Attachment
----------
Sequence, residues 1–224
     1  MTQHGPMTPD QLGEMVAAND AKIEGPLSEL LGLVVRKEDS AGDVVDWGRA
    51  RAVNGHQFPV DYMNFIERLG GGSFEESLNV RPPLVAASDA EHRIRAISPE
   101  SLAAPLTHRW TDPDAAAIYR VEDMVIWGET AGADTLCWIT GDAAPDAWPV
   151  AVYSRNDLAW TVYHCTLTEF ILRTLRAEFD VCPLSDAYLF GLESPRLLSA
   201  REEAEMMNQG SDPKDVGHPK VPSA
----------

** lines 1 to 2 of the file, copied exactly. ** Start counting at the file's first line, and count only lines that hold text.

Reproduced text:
Sequence, residues 1–224
     1  MTQHGPMTPD QLGEMVAAND AKIEGPLSEL LGLVVRKEDS AGDVVDWGRA